The group’s name is a tribute to the first living creature sent into space. Laika, meaning “barker” in Russian, was launched aboard Sputnik 2 by the Soviet Union on Nov. 3, 1957. The stray dog died days later as the capsule air ran out. Later, the spacecraft fell into the atmosphere and burned on April 14, 1958.

“Poor thing. The program never intended to bring her down,” Pitsinki said. “The Cold War was still going on when we started the band, and living next door to the then-Soviet Union, we always didn’t feel that comfortable. In the early stages when we played live, we were wearing fake Leonid Brezhnev eyebrows. Then we concentrated more on the music.”

Music critics no doubt will lap up “Local Warming.” Whether the public gets a chance to hear it is another thing.

“I hope it does well,” Pitsinki said, “because I think it’s really great, if I do say so myself. I have no problems listening to it over and over again. Since other people like it too, I’ve come to the conclusion it’s frankly a good album.”

One thing’s for certain: Don’t count on vocals for future Laika recordings, Pitsinki says.

“If you heard us sing, you’d understand why,” he said. “It’s an instrumental band, for crying out loud. We don’t sing, rule No. 1.”

THE FIRST RECORD I EVER BOUGHT: “I remember the first two – ‘Black Sabbath, Vol. 4’ and ‘Led Zeppelin II.’ They were great records. The production on those Led Zeppelin albums were pretty great, especially with the tools of the time.”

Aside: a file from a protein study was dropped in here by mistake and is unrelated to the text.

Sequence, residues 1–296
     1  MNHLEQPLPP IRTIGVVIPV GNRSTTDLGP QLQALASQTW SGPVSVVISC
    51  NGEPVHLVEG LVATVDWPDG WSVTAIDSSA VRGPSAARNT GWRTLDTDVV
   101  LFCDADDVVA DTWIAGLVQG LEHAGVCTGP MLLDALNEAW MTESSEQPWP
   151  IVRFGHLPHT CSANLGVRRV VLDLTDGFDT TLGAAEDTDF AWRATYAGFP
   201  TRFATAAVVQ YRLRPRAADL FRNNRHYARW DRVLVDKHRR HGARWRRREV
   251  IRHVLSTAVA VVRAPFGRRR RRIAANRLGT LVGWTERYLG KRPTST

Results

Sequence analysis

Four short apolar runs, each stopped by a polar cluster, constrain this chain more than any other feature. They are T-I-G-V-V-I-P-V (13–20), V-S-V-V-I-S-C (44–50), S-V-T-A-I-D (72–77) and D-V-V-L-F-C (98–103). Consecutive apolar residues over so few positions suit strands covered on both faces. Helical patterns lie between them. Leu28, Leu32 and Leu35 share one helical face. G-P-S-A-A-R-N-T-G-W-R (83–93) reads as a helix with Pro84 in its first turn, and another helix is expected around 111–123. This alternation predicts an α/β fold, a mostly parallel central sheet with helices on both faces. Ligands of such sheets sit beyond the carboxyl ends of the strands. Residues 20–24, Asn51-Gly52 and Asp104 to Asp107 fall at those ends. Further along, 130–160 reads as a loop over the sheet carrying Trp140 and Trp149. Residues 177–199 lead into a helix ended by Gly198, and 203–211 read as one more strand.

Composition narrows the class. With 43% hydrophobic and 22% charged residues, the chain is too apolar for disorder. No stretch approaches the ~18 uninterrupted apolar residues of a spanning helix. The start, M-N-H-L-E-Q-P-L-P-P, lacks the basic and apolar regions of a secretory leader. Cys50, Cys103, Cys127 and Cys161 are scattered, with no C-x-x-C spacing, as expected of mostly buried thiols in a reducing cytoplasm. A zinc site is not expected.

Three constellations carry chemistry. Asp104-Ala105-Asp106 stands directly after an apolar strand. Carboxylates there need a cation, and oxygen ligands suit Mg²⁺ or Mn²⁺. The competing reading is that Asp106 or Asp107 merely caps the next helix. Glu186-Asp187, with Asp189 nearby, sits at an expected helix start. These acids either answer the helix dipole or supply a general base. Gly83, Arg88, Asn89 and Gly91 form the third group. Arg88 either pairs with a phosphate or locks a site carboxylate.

THE FIRST CONCERT I EVER WENT TO: “I saw a legendary Finnish rock band called Remu and The Hurriganes. He’s the only surviving group member now. The original outfit had an exceptionally good guitar player, Albert. It was an all-ages show on a Sunday in the middle of Helsinki. Remu doesn’t speak English, but he sings in English. It’s fun to listen to, great rock ‘n’ roll.”

THE WORST JOB I’VE EVER HAD: “I don’t know if I’ve had a worst job, but I can answer this in a Laika-connected way. In 1993, there was this huge concert organized in Helsinki, the main act being the Leningrad Cowboys. They had us open up for them, but it was a mission impossible. After we finished our set, there were like 40,000 to 50,000 people, and the MC goes, ‘All right, Laika & The Cosmonauts. Would you like to hear more?’ And those 40,000 people all said, ‘Nooooo!’ We took it like men.”

ON THE WEB: laikaandthecosmonauts.com.

BWF (before we forget): The Laika & The Cosmonauts album discography – “Surfs You Right” (Texicalli, 1990); “Instruments of Terror” (Upstart, 1994); “The Amazing Colossal Band” (1995); “Zero Gravity” (1996); “Absurdistan” (Yep Roc, 2000); “Laika Sex Machine” live (2001); “C’mon Do the Laika!” (Texicalli, 2001); “Local Warming” (Yep Roc, 2004).

Laika & The Cosmonauts are planning to tour North America in May and June. Until then, here are upcoming tour dates – April 15, Helsinki, On the Rocks; April 21, Lahti, Finland, Torvi; April 22, Finland, TBA; April 23, Vaasa, Finland; April 24, Finland, TBA; April 25, Oulu, Finland, 45.

Gerry Galipault @https://twitter.com/Pauseandplay

Gerry Galipault debuted Pause & Play online in October 1997. Since then, it has become the definitive place for CD-release dates — with a worldwide audience.